What was notable about China’s currency in 2016 wasn’t that it had its worst year against the dollar in modern economic times. It was the costs expended to make sure it didn’t fall even more.
The yuan dropped 7% against the dollar this year. That is nearly double the drop from the year before, taking the currency on a round trip to levels last seen before the global financial crisis.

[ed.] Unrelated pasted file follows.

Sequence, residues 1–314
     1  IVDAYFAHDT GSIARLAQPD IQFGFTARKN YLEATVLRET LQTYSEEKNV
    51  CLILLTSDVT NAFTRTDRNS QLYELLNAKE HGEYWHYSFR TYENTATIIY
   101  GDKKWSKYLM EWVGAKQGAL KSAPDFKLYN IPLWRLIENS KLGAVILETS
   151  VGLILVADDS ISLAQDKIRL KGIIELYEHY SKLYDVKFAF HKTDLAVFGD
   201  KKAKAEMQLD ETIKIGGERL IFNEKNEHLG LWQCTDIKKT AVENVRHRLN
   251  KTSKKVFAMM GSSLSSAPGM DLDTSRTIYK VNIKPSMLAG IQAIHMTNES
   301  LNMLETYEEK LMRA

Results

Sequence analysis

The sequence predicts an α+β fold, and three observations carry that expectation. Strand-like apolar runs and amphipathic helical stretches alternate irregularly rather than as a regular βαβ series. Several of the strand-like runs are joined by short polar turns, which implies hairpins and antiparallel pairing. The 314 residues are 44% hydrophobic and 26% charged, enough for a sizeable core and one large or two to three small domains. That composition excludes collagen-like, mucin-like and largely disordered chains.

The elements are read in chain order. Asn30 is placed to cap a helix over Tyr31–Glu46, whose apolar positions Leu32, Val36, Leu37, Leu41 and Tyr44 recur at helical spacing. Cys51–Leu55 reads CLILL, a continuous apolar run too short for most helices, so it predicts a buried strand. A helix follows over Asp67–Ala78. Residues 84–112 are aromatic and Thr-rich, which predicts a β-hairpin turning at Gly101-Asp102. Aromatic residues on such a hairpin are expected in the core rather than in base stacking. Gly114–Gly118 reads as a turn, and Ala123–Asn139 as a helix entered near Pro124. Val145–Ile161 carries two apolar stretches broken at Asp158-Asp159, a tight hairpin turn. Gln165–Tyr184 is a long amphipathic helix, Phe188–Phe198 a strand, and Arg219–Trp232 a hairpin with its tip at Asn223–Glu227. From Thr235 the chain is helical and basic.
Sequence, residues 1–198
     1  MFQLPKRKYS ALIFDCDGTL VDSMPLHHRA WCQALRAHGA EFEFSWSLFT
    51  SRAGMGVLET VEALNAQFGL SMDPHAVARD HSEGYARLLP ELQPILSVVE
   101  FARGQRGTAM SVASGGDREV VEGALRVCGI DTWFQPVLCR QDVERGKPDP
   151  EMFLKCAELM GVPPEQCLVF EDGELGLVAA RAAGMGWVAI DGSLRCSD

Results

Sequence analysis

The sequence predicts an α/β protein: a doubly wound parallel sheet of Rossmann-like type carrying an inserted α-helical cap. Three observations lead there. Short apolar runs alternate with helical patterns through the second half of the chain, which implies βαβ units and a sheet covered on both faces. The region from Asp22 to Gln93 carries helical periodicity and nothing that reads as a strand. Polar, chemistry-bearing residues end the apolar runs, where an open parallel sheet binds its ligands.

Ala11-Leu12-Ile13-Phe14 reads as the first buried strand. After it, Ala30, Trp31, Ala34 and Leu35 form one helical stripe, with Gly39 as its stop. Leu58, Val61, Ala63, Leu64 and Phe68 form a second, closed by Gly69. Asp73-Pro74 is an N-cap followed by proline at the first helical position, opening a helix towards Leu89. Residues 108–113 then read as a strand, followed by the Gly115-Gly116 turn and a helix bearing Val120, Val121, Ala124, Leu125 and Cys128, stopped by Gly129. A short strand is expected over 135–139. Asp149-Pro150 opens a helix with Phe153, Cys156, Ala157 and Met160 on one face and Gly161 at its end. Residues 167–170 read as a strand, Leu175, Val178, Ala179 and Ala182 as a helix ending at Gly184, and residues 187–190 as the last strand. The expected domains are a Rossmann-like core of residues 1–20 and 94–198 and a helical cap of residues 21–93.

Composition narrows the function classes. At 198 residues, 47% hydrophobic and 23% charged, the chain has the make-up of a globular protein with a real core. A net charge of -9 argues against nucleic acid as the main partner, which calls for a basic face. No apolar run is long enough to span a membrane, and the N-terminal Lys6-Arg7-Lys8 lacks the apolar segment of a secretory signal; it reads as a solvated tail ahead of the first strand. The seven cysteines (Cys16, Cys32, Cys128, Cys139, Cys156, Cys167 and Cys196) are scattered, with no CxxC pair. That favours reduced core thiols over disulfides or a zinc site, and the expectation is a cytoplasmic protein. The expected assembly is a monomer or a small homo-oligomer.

On Thursday, China moved to relieve some of that pressure. The central bank is reducing the weighting given to the dollar in the currency basket it uses to calibrate the yuan’s value. It also included other currencies in the basket including the Korean won and the Saudi riyal. The move will give China more flexibility to allow the yuan to slide further next year, potentially boosting exports.